The second thing that stands out for me in these interviews is that few, if any individuals are cued into applications of story beyond storytelling — both the crafting and the oral tradition of delivering a story. So, while some organizational story practitioners may be working with clients on other types of story practices, organizations as a whole and their leadership are not consistently practicing them. Even within the industry of story use in organizations, I am now of the opinion that most practitioners have not grown their own learning in these other areas.
As a result, I believe the real power of story has yet to be realized in organizational settings.
Q: What are some of the cautions you advise in carrying out the 5 story practices you describe?
  • how to find stories
  • how to dig into them to uncover hidden patterns and themes
  • how to select those stories that need to be reinforced
  • how to craft memorable stories
  • how to embody stories to positively affect attitudes, thoughts and behaviors.
A: Overall, there is a significant different between implementing story as a “tool” or “technique” and seeing it as a core competence for running a business that can get it significant returns on investment, especially in a recessionary economy. In order to embrace these five practices, you need to embrace the latter mindset rather than the former. Unfortunately, articles and books continue to be written on it as a tool and technique. To see the bigger picture means educating leaders on the possibilities of what can be and a broader scope of business application.


This is no different than what happened in the quality movement. In the mid-to late-‘80’s, everyone wanted to learn statistical process control (SPC; today it would be Six Sigma or lean manufacturing or root cause analysis). Only when failures happened did organizations recognize there might be fuller, richer approaches to the subject that meant shifting quality to the way you do business. The challenge we have is that story has not taken off with the same fervor as quality did two decades ago so its evolution as a field has been slower. My concern is that instead of evolving, the field of story work will disappear as so many other management approaches have over the years.
Until organizations begin to implement these five practices as a holistic package, we will not have the data to truly detail best practices in these five areas. This assumes, however, that organizations are astute enough to put measurement systems in place to ascertain the value of story work usage.

Q: If you could share just 1 piece of advice or wisdom about story/storytelling/narrative/working with stories with readers, what would it be?

A: We’ve overlooked a critical fundamental concept in the field of story work.

A: All story is narrative. However, not all narrative is a story. It’s extremely important to be able to distinguish between a story and all other forms of narrative (e.g., case studies, examples, profiles, news reports, etc.). Without this, you may invest money in a story-based initiative that will not provide the level of payback your organization desires. (These distinctions are brought forward in the piece, “Narrative Forms”).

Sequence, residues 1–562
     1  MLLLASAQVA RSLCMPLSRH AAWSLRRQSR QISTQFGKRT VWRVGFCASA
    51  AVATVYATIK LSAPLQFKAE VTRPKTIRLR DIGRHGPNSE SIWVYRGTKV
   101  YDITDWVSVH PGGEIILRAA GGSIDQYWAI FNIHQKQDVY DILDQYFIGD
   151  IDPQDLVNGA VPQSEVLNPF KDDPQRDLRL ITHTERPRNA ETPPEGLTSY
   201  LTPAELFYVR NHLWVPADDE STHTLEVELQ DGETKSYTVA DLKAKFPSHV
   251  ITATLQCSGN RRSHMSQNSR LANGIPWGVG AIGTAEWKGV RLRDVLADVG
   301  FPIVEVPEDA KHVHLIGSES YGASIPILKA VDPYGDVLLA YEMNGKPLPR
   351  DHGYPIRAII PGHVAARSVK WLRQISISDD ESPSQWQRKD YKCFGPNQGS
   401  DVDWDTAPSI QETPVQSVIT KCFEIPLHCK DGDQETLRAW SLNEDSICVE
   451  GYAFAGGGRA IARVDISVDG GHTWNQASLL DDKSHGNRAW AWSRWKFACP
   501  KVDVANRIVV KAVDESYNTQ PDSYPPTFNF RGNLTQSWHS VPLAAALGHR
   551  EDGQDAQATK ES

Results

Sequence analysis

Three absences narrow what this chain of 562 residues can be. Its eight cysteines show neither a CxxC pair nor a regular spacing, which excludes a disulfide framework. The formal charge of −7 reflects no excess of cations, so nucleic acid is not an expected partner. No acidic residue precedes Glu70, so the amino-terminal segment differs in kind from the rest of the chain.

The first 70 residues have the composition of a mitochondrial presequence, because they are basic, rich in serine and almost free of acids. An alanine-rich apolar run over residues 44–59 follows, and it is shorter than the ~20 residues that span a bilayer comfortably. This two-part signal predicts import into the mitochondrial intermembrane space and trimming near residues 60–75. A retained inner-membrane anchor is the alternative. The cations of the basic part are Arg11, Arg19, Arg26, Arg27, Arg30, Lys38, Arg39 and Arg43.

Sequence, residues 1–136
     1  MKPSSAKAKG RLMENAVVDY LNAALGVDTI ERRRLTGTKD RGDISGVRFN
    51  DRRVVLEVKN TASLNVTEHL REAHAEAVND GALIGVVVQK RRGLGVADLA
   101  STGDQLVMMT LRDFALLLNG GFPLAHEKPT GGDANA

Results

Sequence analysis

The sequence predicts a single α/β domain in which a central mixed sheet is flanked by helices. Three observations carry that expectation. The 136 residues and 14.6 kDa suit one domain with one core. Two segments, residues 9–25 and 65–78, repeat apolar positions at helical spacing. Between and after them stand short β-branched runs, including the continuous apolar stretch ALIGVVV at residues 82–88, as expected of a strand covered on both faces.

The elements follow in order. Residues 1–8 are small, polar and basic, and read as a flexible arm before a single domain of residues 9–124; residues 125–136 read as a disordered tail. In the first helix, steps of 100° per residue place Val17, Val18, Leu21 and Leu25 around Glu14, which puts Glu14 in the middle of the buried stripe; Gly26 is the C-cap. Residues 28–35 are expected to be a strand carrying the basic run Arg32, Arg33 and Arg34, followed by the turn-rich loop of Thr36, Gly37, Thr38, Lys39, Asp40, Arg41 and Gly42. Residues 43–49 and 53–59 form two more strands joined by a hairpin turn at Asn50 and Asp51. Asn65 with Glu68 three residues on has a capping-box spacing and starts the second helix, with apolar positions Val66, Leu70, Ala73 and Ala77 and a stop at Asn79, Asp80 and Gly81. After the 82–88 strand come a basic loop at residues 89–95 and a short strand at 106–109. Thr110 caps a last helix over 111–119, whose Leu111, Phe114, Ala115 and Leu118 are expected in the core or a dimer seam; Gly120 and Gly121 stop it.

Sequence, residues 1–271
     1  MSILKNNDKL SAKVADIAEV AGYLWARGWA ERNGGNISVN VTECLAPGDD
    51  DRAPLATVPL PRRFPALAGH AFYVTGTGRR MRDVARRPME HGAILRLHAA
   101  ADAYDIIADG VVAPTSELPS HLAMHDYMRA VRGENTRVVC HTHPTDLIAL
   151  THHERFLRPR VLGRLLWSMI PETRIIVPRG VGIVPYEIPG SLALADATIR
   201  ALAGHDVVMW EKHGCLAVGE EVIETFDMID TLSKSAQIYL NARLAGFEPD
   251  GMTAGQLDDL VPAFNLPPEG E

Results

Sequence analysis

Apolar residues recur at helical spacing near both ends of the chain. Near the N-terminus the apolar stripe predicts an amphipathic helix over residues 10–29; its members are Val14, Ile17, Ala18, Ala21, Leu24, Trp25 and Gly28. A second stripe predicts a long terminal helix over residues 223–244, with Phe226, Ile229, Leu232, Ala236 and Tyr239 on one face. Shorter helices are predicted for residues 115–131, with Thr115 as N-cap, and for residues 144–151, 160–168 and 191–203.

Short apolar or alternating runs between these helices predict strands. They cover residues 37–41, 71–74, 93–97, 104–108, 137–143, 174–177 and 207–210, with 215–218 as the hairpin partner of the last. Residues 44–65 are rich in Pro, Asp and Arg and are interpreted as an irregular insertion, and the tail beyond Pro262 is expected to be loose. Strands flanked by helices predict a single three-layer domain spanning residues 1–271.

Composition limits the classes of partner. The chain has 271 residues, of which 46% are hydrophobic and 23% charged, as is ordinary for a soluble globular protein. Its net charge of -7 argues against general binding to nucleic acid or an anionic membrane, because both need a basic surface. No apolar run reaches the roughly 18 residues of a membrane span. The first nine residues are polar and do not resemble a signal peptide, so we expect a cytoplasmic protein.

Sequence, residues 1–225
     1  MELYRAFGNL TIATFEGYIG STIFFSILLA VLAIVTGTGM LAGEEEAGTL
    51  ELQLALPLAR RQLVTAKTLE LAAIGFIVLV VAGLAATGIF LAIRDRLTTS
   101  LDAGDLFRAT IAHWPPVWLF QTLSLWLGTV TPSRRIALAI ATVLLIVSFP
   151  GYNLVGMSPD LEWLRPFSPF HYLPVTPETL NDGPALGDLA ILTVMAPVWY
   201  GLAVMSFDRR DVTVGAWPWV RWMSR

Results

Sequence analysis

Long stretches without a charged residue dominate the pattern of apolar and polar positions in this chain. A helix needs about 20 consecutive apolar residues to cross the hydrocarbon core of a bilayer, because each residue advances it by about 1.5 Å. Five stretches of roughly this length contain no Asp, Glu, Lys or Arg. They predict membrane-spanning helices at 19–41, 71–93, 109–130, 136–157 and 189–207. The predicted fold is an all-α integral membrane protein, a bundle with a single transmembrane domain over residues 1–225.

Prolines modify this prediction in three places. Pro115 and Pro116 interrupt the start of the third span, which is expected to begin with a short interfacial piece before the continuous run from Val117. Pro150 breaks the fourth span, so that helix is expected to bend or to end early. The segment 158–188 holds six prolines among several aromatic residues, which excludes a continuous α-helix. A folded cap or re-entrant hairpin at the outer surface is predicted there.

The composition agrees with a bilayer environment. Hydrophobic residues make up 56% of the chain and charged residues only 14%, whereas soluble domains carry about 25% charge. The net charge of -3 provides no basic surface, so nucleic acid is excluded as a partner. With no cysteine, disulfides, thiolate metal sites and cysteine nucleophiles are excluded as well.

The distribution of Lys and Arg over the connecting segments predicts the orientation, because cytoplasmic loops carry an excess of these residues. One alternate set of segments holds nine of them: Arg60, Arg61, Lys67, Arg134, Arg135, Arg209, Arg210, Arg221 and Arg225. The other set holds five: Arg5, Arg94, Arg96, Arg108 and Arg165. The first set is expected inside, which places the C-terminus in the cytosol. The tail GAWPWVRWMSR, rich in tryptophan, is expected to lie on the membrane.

There are specific qualities that are integral to stories: They need to have a plot (a conflict), characters, dialogue (preferably both internal and external), a universal theme (key point that applies to all who hear, experience or read it), drama/intrigue, contrast, and sensory information (the ability to paint a picture in the mind’s eye). To use the word “story” for narrative forms that do not have these elements is misleading — and it causes a huge problem in the field: It waters down the meaning of the word, “story.” The consequence of this is that many organizations do not think they need internal or external “experts” in the field of story work to help them with their story-based initiatives.

Q: What’s next on your agenda for the field of story work?

A: I’m in the process of working with Karen Dietz to create a line of self-study products that provide the user with a significantly more detail than is in either of my books, Stories Trainers Tell and Wake Me When the Data Is Over. These products go beyond anything either of us has written and address issues we have experienced when teaching story work to others and in integrating it with the way all sorts of organizations do business.


What has been really exciting about this work is that we are truly making the concepts in the field much more pragmatic and easier to access. Our ultimate goal is to have work groups work through the materials and apply them to their daily work as a way of addressing current challenges, especially those that appear chronic in nature. By doing so we know they will uncover new and emerging applications for story use and move the field forward.

A Storied Career

A Storied Career explores intersections/synthesis among various forms of
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A Storied Career's scope is intended to appeal to folks fascinated by all sorts of traditional and postmodern uses of storytelling. Read more ...
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Dr. Kathy Hansen

Kathy Hansen, PhD, is a leading proponent of deploying storytelling for career advancement. She is an author and instructor, in addition to being a career guru. More...


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The following are sections of A Storied Career where I maintain regularly updated running lists of various items of interest to followers of storytelling:


Links below are to Q&A interviews with story practitioners.